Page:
Of equal importance is that their is really no mechanism to ensure that arbitrators actually apply the law fairly. In the civil court system, if a judge applies the law incorrectly, the incorrect decision can be overturned on appeal. Given the deference that courts show to arbitration decisions, while they can technically be appealed to a real court, the likelihood that a court will overrule and arbitrator is statistically, slightly more than zero.
One other issue with arbitration is that, generally speaking, non-economic damages are not compensated to the same degree that they would have been by a jury. Pain and suffering, disfigurement, loss of consortium, are all non-economic damages. In civil cases, juries usually spend a significant amount of time trying to assign a dollar value to these hard to quantify damages. In arbitration cases, arbitrators generally spend less time considering these damages and end up awarding less money for them.
Overcoming the Obstacles to Binding Arbitration
While arbitration is not an ideal setting for an employee to pursue their Texas non-subscriber work injury case, it does not mean that an injured worker should despair and give up hope of recovering. The key to getting the most compensation possible in arbitration is to have an experienced, effective work injury attorney on your side.
An experienced attorney knows the rules of evidence and procedure that an arbitrator is supposed to follow and can hold their feet to the fire if they attempt to take short-cuts. Perhaps most crucial for an injured worker, an experienced attorney will have far more knowledge about the panel of potential arbitrators than someone who is not in the legal community. This knowledge is crucial to ensuring that an arbitration hearing is heard before an arbitrator who will treat both sides fairly. Sadly, without representation many workers end up letting their employer choose the arbitrator. That would be like letting the employer pick the judge and jury in a civil case.
One question that every injured worker should ask an attorney before hiring them is, "How many times have you argued a case before an arbitrator?" Experience with the arbitration process is invaluable to an injured workers' case. As we have noted, arbitration is not a courtroom and has many pitfalls that a work injury attorney has to be aware of. Inexperienced attorneys can often find arbitration to be a frustrating experience and this frustration can harm an injured worker's case.
The good news is that arbitrators are dependent upon plaintiff's lawyers thinking that they are at least reasonably fair. What this means is that even though your employer, the defendant that you are suing, is paying the arbitrator and even though the arbitrator is certainly biased to some extent, your attorney has the right to choose an arbitrator that is perceived as being the most fair from the available selection of arbitrators. This means that arbitrators who wish to stay in business have to act fairly.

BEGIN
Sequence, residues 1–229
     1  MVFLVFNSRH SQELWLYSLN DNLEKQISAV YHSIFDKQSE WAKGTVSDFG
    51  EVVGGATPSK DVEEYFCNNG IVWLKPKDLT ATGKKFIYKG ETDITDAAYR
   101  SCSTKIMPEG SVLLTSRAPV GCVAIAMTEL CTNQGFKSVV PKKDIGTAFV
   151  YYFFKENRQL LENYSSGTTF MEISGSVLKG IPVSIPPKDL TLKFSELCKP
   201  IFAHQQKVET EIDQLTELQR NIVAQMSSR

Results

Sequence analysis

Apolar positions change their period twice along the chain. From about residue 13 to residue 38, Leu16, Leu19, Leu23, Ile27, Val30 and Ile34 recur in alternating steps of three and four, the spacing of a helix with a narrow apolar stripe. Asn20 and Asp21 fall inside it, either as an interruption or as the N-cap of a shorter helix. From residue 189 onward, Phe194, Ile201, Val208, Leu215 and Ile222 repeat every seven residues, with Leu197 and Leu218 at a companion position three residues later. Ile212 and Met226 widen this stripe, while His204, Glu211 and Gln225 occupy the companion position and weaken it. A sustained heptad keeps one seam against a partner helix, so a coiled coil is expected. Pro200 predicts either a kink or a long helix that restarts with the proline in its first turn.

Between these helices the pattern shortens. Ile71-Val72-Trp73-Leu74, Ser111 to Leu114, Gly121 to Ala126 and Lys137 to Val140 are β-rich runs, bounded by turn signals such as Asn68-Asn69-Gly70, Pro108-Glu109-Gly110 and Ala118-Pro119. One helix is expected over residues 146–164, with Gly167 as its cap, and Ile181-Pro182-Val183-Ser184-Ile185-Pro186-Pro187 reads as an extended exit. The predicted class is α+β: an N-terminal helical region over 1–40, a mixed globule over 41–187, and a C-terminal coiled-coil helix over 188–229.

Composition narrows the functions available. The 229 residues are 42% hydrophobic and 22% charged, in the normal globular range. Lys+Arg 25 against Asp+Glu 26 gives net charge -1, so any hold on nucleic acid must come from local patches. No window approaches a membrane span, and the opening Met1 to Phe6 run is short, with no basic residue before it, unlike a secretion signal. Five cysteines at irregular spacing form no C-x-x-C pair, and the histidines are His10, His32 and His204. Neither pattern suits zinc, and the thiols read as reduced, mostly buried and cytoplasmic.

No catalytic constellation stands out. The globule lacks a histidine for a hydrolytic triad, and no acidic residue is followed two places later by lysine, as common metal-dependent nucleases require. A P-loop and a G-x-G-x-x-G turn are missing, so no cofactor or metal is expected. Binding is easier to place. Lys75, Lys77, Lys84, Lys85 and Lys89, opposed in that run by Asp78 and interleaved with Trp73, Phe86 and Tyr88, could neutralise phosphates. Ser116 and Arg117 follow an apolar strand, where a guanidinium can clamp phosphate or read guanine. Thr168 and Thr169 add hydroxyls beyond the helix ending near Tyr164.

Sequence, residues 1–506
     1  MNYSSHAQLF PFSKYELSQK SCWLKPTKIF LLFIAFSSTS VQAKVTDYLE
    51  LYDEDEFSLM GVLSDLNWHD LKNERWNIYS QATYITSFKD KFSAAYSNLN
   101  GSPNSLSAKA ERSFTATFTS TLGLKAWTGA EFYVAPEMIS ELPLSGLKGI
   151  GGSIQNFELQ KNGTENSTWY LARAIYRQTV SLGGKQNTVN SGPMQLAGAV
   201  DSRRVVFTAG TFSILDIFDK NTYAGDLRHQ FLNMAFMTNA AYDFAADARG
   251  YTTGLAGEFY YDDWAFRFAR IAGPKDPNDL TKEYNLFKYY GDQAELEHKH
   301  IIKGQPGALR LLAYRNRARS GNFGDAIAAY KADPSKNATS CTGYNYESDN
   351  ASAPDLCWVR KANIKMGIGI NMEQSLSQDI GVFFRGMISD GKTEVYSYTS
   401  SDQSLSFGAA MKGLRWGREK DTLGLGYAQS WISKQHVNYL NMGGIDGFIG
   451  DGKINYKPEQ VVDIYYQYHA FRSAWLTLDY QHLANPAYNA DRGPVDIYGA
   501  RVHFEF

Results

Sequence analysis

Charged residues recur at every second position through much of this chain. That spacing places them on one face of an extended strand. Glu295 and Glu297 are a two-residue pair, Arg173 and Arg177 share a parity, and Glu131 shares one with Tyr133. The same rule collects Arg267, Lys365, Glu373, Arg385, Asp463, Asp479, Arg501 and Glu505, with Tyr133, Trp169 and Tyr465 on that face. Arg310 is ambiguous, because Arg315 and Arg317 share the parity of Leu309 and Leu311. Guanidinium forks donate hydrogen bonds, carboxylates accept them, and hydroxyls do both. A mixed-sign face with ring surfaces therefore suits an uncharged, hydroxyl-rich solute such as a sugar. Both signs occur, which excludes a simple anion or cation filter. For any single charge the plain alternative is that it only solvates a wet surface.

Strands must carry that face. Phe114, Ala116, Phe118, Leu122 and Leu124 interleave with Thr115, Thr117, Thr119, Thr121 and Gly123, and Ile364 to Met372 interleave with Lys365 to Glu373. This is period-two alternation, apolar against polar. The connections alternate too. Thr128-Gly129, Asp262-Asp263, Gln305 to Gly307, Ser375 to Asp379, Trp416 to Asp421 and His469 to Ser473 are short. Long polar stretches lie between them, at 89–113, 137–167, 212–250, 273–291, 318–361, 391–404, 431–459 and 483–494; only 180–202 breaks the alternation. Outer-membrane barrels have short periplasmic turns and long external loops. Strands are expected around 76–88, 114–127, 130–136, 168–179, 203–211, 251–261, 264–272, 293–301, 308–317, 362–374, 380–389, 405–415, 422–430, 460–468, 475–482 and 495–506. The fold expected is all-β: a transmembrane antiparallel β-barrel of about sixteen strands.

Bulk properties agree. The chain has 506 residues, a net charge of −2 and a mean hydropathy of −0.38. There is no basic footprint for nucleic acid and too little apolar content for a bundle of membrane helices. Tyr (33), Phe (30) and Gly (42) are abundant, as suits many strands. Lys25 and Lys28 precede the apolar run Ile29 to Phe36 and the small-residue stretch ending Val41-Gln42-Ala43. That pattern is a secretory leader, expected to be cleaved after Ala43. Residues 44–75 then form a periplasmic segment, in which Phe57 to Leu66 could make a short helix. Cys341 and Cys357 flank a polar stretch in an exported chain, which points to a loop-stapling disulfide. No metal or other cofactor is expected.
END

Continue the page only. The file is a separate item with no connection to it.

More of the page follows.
The most important decision made in your work injury arbitration is choosing the right arbitrator, and only an experienced law firm who has arbitrated numerous work injury cases will be able to help you with that decision.
Give Grossman Law Offices a Call:
Unlike jury trials that have multiple opportunities to appeal a bad decision, you only have one opportunity in arbitration. At Grossman Law Offices, our attorneys will work diligently to help you prove that you have a valid claim. Our experienced non-subscriber work injury attorneys go above and beyond to convince the arbitrator that your employer was responsible for your injuries and that they have a history of negligent behavior. Most importantly, our contacts among some of the best expert witnesses in Texas means that all damages, including non-economic damages will be rooted in a strong, independent foundation, generally leading to a better chance of receiving compensation.
Call Grossman Law Offices today at (855) 326-0000 to receive a free consultation. We pick up the phone 24/7.
Other articles about non-subscriber work injuries that may be helpful:
- Insurance Is Not the Same as Workers' Compensation
- Texas Non-Subscriber Laws and Court Decisions
- Employers Often Lie About the Kind of Work Injury Coverage They Have